The exact set of GCC optimizations varies from release to release as it develops, but includes the standard algorithms, such as loop optimization, jump threading, common subexpression elimination, instruction scheduling, and so forth. The RTL optimizations are of less importance with the addition of global SSA-based optimizations on GIMPLE trees,[24] as RTL optimizations have a much more limited scope, and have less high-level information.

Some of these optimizations performed at this level include dead code elimination, partial redundancy elimination, global value numbering, sparse conditional constant propagation, and scalar replacement of aggregates. Array dependence based optimizations such as automatic vectorization and automatic parallelization are also performed. Profile-guided optimization is also possible as demonstrated here:


The behavior of GCC's back end is partly specified by preprocessor macros and functions specific to a target architecture, for instance to define the endianness, word size, and calling conventions. The front part of the back end uses these to help decide RTL generation, so although GCC's RTL is nominally processor-independent, the initial sequence of abstract instructions is already adapted to the target. At any moment, the actual RTL instructions forming the program representation have to comply with the machine description of the target architecture.

Towards the end of compilation, valid RTL is further reduced to a strict form in which each instruction refers to real machine registers and real instructions from the target's instruction set. Forming strict RTL is a very complicated task, done mostly by the register allocation first but completed only by a separate "reloading" phase which must account for the vagaries of all of GCC's targets.

The final phase is somewhat anticlimactic, because the patterns to match were generally chosen during reloading, and so the assembly code is simply built by running substitutions of registers and addresses into the strings specifying the instructions.

Debugging GCC programs

The primary tool used to debug GCC code is the GNU Debugger (gdb). Among more specialized tools are Valgrind, for finding memory errors and leaks, and the graph profiler (gprof) which can determine how much time is spent in which routines, and how often they are called; this requires programs to be compiled with profiling options.

Possible future alternatives

GCC has received criticism from OpenBSD developers such as Theo de Raadt and Otto Moerbeek. Although they continue to use GCC as the only compiler for their software distribution, they complain that it is large, buggy, slow, and generates poor code,[25] and also dislike v3 of the GNU GPL.[26] The OpenBSD project has made various efforts to replace GCC with the Portable C Compiler[26]. Meanwhile, the FreeBSD project is investigating the possibility of replacing GCC with Clang/LLVM.[27].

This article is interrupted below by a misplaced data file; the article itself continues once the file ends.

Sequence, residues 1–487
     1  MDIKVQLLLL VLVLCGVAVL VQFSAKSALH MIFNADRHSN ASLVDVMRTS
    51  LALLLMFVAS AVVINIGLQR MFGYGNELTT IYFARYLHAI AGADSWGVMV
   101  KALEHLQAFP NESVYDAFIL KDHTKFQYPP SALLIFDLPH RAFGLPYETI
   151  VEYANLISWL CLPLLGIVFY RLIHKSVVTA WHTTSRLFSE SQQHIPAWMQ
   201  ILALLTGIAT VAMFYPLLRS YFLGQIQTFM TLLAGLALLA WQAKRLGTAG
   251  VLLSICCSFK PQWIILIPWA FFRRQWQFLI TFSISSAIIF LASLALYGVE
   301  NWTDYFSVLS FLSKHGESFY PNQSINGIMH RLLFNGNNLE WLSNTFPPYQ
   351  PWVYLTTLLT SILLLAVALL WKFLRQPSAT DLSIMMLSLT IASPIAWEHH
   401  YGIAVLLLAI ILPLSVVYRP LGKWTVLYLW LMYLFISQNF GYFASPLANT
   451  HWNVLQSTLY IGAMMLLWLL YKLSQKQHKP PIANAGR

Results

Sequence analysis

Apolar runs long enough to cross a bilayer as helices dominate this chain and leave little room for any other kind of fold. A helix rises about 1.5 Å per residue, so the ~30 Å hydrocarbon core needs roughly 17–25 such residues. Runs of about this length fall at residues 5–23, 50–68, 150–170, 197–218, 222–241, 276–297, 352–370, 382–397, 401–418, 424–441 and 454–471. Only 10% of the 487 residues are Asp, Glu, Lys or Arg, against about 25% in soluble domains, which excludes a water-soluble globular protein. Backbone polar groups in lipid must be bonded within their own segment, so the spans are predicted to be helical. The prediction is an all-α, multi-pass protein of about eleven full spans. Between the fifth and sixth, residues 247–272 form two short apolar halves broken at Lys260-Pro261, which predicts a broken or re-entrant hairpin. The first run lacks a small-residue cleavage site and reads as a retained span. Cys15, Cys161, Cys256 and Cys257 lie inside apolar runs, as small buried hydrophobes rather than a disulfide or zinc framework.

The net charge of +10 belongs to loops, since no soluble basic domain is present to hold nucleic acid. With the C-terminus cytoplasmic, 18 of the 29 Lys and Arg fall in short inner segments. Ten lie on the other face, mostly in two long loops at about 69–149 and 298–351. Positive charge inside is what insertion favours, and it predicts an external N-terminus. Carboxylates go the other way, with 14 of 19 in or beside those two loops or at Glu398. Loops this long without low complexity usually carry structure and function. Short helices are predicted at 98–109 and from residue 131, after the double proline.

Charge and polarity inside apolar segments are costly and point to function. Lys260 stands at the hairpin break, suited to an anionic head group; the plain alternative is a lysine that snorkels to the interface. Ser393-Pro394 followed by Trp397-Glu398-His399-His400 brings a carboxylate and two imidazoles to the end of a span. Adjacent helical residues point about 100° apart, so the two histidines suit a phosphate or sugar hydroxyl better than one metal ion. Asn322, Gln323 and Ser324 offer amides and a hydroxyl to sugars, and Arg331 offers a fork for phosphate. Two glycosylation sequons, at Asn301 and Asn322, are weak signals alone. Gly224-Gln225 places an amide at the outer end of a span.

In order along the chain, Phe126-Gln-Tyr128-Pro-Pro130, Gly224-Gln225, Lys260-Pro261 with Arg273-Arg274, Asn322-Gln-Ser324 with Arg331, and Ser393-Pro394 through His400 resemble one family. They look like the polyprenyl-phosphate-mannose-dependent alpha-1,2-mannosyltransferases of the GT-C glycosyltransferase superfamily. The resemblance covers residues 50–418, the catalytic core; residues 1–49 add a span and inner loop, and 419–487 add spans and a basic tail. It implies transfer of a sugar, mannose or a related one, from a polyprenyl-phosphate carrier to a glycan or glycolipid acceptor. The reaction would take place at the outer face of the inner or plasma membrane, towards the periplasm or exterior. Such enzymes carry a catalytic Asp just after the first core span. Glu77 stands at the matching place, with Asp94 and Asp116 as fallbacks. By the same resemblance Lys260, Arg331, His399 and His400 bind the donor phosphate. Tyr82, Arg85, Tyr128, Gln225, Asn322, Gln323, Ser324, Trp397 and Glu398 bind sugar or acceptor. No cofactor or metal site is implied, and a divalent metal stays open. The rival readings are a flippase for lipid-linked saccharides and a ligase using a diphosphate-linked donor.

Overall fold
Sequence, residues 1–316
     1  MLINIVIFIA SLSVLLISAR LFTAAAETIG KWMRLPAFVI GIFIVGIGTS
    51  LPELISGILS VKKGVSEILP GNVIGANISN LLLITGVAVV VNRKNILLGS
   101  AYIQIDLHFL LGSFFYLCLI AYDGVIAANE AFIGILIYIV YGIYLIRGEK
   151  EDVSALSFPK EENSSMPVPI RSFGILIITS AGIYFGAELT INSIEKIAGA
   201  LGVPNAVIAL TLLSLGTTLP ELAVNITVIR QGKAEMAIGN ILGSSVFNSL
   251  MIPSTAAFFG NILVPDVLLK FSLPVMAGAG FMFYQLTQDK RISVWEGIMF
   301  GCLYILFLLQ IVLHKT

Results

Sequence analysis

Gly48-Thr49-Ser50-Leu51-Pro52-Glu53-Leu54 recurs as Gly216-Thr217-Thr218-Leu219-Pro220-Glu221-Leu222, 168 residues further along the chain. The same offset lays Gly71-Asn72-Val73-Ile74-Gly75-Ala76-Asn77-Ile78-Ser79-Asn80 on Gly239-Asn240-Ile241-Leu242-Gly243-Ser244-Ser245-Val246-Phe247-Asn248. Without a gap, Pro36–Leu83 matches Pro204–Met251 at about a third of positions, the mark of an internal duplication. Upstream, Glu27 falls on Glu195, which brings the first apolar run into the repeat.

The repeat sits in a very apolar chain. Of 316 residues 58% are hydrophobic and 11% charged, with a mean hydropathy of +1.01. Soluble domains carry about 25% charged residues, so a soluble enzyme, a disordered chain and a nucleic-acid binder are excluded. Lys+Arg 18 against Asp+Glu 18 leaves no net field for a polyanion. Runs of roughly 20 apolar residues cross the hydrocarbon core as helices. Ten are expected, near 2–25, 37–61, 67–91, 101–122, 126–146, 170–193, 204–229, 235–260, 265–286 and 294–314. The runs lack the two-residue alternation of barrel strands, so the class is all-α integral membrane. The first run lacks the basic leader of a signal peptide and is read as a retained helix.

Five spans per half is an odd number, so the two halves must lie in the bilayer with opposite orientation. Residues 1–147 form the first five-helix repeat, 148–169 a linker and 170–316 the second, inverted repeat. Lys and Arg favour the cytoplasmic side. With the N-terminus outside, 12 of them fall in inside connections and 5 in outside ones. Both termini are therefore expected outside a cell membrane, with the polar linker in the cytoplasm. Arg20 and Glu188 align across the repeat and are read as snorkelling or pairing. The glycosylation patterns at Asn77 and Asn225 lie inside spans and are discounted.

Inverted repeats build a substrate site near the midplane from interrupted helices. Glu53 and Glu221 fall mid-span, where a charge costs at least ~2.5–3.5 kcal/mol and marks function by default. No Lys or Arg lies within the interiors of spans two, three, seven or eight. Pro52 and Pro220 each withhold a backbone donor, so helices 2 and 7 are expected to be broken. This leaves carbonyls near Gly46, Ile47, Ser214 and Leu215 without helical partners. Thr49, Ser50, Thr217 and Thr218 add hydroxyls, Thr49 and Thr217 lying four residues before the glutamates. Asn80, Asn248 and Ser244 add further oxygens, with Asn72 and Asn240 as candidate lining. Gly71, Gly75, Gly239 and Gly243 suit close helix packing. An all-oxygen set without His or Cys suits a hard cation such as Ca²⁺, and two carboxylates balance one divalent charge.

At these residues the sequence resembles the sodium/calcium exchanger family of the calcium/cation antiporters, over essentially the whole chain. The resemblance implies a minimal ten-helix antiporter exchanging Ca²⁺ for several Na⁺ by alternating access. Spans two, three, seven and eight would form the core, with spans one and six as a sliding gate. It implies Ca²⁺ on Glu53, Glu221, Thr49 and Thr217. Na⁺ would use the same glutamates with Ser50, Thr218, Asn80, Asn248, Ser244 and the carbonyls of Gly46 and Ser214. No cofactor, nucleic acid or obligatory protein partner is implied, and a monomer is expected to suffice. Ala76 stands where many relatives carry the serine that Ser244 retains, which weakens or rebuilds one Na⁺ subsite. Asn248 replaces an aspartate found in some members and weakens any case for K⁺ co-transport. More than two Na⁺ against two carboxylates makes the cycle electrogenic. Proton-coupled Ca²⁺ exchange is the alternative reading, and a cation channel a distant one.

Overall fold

See also


  1. "Symbian GCC Improvement Project". Retrieved 2007-11-08. 
  2. "Linux Board Support Packages". Retrieved 2008-08-07. 
  3. "setting up gcc as a cross-compiler". ps2stuff. 2002-06-08. Retrieved 2008-12-12. 
  4. "sh4 g++ guide". Archived from the original on 2002-12-20. Retrieved 2008-12-12. "This guide is intended for people who want to compile C++ code for their Dreamcast systems" 
  5. "FSF Service Directory". 
  6. Cite error: Invalid <ref> tag; no text was provided for refs named release-history
  7. "Programming Languages Supported by GCC". GNU Project. Retrieved 2009-05-03. 
  8. Stallman, Richard M. (February 1986). "GNU Status". GNU's Bulletin (Free Software Foundation) 1 (1). Retrieved 2006-09-26. 
  9. Tower, Leonard (1987) "GNU C compiler beta test release," comp.lang.misc USENET newsgroup; see also
  10. Stallman, Richard M. (2001) "Contributors to GCC," in Using and Porting the GNU Compiler Collection (GCC) for gcc version 2.95 (Cambridge, Mass.: Free Software Foundation)
  11. "Pentium Compiler FAQ". 
  12. "A Brief History of GCC". 
  13. "The Short History of GCC development". 
  14. Linux Information Project (LINFO) accessed 2007-03-20
  15. GCC Front Ends,, Retrieved May 11, 2008.
  16. "gccgo language contribution accepted",, Retrieved January 26, 2010.
  17. "Fortran 2003 Features in GNU Fortran". 
  18. "GCC UPC (GCC Unified Parallel C) |".<!. 2006-02-20. Retrieved 2009-03-11. 
  19. "sx-gcc: port gcc to nec sx vector cpu". 
  20. "Security Features: Compile Time Buffer Checks (FORTIFY_SOURCE)". Retrieved 2009-03-11. 
  21. "languages used to make GCC". 
  22. McCAT
  23. Laurie J. Hendren
  24. From Source to Binary: The Inner Workings of GCC, by Diego Novillo, Red Hat Magazine, December 2004
  25. "More on OpenBSD's new compiler" (PDF). 2007-10-15. Retrieved 2010-01-03. 
  26. 26.0 26.1 Dru Lavigne (2007-09-25). "Towards a BSD-licensed Compiler". Retrieved 2010-01-03. 
  27. "BuildingFreeBSDWithClang". Retrieved 2010-01-03.